China stifles Olympic athletes' own drive for success
Michael Chugani says China proves nothing by drilling its athletes to win Olympic gold; victory will mean more if it's achieved through their own drive
Sports don't interest me at all, but I made it a point to watch the agonising end, yet again, to Liu Xiang's quest for Olympic gold. Dare I discuss why I think the talented athlete couldn't deliver the medal his country so craved? I ask because, as a non-Chinese, I am sticking my neck out to where it doesn't belong.
To give an example, I recently discussed in the Chinese-language media the appearance and habits of mainland visitors. A few hate e-mails followed. Some accused me of racism. As a Hong-Kong-born Indian, I found that particularly amusing. Aren't we supposed to be on the receiving end of it here?
If a Hong Kong Chinese had discussed the difference in mannerisms between mainland visitors and locals, as many have already done, the charge of racism would not have been made. The logic - questionable in my view - is that it is not possible to be racist towards your own race. But I'll put that aside for now.
While most on the mainland are trying to deal with the emotional trauma of lost national pride, some are finally daring to say it is precisely the obsession with Olympic gold that caused Liu's downfall. I agree with that, but as a non-Chinese I must tread carefully.
When you rid yourself of an inferiority complex, it doesn't mean you must replace it with a superiority complex. China had long rid itself of its past shackles of foreign domination and bullying. It is now a great nation and poised to be even greater.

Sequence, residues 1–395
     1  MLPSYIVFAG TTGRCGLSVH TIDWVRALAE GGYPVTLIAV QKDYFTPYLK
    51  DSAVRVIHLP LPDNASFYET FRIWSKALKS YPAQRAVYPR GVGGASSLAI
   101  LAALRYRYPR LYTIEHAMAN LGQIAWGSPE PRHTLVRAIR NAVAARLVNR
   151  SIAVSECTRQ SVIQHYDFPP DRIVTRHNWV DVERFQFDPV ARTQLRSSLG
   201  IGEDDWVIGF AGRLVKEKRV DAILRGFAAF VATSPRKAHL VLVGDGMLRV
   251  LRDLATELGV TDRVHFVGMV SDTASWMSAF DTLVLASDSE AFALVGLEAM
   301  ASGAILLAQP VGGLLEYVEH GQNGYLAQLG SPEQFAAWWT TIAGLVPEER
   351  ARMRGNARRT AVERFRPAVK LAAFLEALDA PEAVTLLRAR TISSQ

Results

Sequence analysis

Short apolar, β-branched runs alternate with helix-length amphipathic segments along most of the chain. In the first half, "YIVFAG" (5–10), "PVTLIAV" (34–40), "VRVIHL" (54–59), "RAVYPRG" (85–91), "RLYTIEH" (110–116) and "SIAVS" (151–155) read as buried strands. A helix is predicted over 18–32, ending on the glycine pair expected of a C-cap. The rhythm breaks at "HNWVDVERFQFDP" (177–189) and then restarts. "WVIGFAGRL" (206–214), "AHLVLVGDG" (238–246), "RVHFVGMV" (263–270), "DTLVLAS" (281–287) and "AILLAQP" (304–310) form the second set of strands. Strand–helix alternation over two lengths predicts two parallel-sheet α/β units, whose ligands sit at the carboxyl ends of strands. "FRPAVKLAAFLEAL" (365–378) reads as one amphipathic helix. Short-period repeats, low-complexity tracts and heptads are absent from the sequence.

Yet it lacks the confidence to give that greatness free rein to find its place in the world. It feels it needs to force that greatness on the world by doing things such as antagonising neighbours with territorial claims and drilling its own athletes into becoming robots programmed to win gold medals.
American swimmer Michael Phelps won his record haul of gold medals not because his country piled pressure on him to do so but because his own desire to win burned inside him. Sure, he proudly did it for country too, but failure would not have resulted in national soul-searching or shame. Failure would have disappointed his countrymen but they would simply have said: "You win some, you lose some."
One could, of course, argue that China's superb showing at the London Olympics proves the means it is using are achieving the end it desires. But that end comes at a cost. Its athletes are robbed of their individuality, their own drive, and the true meaning of winning and losing. They are driven by the state to bring home the gold. Failure brings the guilt of having shamed the nation.
As I have said before in the case of national education, why not employ means that drive the self-desire to produce the ends that are sought? Why force love of country through national education? Why not let that love grow naturally and freely?
Likewise, why not let athletes freely find and hone their talents? Why not let them win through their own drive, instead of weighing them down with the expectations of the state? Let them find their own dream of winning gold rather than drilling that dream into them. The gold they bring home this way will have far greater meaning.
Michael Chugani is a columnist and TV show host. email@example.com